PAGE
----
Timor-Leste: One of the Least Visited Countries in the World

Location: South East Asia (Island Nation)

Capital: Dili

Dominant Religion: Catholicism

Currency: US dollar and East Timor centavo coins

Language: Tetun and Portuguese

Population: 1.6 million

Timor-Leste is a mountainous island surrounded by coral reefs teeming with marine life. Economically, East Timor relies on oil which was discovered in the 1970’s. From the air this place appears to be a tropical paradise. However, on the surface remains vivid memories of troubled waters.

Timor-Leste gained independence from Portugal in 1975 and then from Indonesia in 2002, making it one of the world’s youngest countries. This is a country that many western people have never heard of because of it’s youth. Nonetheless, it harbors a legacy of resistance unlike other places. For hundreds of years the Timorese fought for basic human rights regardless of what could be taken away from them.

Simplified History

Briefly touching on the important events that shaped the Timor-Leste you see today. Remember there is so much more to this story… 

The first Europeans to settle on this island were the Portuguese around 500 years ago. The Portuguese established a colony and fought for control over the island with the Dutch for centuries (the Dutch controlled most of modern day Indonesia). The island was separated into halves; Dutch in the west and Portuguese in the east. The native Timorese revolted against colonial rule often during this era and were brutally suppressed; thousands were killed.

Timor-Leste was occupied by the Japanese during the Second World War. Japanese attempts to force the Timorese to grow food to support their troops was again met with great resistance. By the time the Japanese surrendered in 1945 more than 10% of the population had been murdered.

1975

The Indonesian Invasion  (loose interpretation)

The process of decolonization began in East Timor when the Portuguese Armed Forces overthrew the Caetano regime (Caetano was the Prime Minister of Portugal during this time).  Political groups formed and entered into a coalition in hopes of achieving independence.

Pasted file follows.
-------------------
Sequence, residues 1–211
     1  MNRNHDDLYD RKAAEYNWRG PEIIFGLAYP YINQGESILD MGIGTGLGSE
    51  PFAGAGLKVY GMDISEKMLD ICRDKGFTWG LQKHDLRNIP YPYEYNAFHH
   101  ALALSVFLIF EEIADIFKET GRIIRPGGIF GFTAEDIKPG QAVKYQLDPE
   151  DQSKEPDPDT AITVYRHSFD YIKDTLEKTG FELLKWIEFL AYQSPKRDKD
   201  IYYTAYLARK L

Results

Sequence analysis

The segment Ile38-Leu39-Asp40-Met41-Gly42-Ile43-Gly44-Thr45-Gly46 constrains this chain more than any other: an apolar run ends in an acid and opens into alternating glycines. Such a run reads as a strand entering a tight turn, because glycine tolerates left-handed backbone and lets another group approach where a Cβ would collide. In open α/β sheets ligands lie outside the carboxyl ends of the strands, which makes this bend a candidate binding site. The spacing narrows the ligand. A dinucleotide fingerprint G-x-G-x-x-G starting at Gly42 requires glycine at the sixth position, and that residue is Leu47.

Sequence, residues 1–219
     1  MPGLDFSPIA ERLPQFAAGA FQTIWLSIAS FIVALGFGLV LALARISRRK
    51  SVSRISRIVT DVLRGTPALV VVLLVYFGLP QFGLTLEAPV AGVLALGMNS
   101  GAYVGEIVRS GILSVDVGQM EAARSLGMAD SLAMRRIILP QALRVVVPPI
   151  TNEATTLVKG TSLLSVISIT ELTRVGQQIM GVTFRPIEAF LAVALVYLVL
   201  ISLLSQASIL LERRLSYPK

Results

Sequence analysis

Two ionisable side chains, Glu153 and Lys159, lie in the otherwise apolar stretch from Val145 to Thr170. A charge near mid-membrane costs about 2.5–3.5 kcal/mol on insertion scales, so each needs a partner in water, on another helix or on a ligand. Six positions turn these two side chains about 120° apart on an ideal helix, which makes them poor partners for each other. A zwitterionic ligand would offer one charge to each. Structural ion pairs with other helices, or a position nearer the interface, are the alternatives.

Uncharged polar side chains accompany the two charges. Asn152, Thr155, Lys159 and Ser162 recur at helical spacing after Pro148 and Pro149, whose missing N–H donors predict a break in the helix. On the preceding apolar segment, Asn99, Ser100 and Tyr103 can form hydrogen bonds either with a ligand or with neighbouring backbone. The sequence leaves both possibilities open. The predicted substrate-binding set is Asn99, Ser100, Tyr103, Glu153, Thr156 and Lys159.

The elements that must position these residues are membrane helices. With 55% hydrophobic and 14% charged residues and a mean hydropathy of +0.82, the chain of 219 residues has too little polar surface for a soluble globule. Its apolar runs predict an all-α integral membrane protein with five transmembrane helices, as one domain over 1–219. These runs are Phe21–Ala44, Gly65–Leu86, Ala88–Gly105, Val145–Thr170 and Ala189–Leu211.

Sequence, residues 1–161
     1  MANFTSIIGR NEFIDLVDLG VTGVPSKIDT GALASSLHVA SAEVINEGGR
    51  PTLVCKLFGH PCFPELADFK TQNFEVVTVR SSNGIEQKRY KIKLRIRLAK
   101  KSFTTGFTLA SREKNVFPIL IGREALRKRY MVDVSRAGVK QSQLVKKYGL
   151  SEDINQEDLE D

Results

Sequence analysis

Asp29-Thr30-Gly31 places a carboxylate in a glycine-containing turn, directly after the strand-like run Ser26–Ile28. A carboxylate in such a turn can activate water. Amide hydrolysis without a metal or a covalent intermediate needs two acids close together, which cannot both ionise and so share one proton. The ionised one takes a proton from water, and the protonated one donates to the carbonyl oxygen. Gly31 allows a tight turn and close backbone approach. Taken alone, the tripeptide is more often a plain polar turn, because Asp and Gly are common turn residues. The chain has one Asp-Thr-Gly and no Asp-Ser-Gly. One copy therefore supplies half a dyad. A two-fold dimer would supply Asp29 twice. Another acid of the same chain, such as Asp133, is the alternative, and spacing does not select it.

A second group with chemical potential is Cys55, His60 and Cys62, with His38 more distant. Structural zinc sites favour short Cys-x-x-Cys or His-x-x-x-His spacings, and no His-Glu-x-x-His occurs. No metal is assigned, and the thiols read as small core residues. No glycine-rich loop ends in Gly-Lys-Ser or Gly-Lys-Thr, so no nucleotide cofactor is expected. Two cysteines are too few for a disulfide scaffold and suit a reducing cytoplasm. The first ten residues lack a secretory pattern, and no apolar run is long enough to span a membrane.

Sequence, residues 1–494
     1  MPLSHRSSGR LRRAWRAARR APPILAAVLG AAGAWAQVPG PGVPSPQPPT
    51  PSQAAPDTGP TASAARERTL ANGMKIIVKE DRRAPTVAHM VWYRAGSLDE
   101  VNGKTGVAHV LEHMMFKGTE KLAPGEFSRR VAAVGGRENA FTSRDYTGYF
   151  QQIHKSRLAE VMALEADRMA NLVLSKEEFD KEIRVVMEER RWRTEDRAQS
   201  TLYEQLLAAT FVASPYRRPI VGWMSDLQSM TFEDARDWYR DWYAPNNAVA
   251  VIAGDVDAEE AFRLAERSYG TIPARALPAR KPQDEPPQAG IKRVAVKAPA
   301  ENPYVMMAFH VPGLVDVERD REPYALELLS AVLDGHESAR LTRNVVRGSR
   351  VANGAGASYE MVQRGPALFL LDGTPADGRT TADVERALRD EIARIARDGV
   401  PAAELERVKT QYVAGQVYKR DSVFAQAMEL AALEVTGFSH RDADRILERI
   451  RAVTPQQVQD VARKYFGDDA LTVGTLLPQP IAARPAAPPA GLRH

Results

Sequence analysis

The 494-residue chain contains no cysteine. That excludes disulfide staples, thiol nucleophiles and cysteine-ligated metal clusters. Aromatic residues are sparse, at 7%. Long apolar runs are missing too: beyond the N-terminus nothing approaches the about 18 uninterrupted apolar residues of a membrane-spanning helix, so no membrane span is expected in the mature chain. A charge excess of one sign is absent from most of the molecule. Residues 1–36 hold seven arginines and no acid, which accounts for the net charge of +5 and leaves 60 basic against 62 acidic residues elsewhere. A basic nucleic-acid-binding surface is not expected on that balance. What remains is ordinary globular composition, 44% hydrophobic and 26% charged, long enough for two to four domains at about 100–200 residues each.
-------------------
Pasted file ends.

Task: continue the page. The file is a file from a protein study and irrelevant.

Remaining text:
The new leaders claimed sovereignty regardless of Portugal’s refusal to recognize this. The political leaders continued to declare independence and established the Democratic Republic of East Timor. This is what is known as de facto government which is one that has seized power by force in spite of the government that legally maintains authority.

The Indonesian military bribed one of the party leaders to organize a coup in 1975. The invasion marked the beginning of what could be considered a genocide of the Timorese people. When Indonesian forces invaded, it was the Timorese civilians that suffered greatly at the hands of the military. They were forced to watch their families raped, murdered and their bodies thrown into the sea. Their houses were burned and destroyed. Many fled into the mountains but found little refuge there once they began bombing the mountainous areas. The Timorese were rounded up into prison camps and many died of hunger. It is believed that half of the population was annihilated during the cleansing which could have lead to the ethnic, cultural and religious extinction of the Timorese people. This brutal war continued from 1975 until the 1990’s.

My Thoughts

I knew virtually nothing about Timor-Leste before traveling here. I sat next to two wonderful people that live in Timor on the plane ride from Denpasar, Bali. They were the ones that began to tell me about the history of Timor in hushed voices. The open wounds left behind from endless years of oppression are still fresh in people’s minds.

The people of Timor-Leste have been brutally exploited for hundreds of years. They carry wide smiles but sad eyes. I feel they have learned to cope with trauma differently than people in western countries. For example, the man who checked me into my guest house in Dili casually told me he had just came from his brother’s funeral. He said this so nonchalantly that he could have been telling me about the weather. He was still friendly and wore a genuine smile, barely acknowledging my apology for his loss. The people here have thick skin in the presence of grief. They seem to overlook the pain or bottle it up deep inside of themselves. I can only begin to imagine how these events have psychologically affected the people who live here.

Oppression ran rampant for the majority of this island’s history whether it was at the hands of the Portuguese, Dutch or Indonesians. I was told that the people don’t hold grudges against Indonesian people; they don’t blame them for what happened throughout the 70’s, 80’s and 90’s. It’s the Indonesian military culture that the people of Timor-Leste will not so easily forgive. Despite everything that has happened here, the country is growing faster than most developing countries. The Timorese are ready for change and are working hard to make it happen for themselves.

To learn more about Timor-Leste and how you can help this beautiful country thrive go to: https://www.care.org.au/country/timor-leste/

Here’s an alarming article describing sexual misconduct of UN staff in Timor:

http://www.theage.com.au/news/world/un-turns-blind-eye-to-use-of-timor-brothels/2007/05/06/1178390140808.html

Sources:

http://www.easttimorgovernment.com/history.htm

https://www.lonelyplanet.com/east-timor/history#304375

If you are interested in being deeply disturbed by a dialogue you will never forget, scroll to the end of this article: https://newint.org/features/1994/03/05/simply

*Disclaimer: Not Original Photos*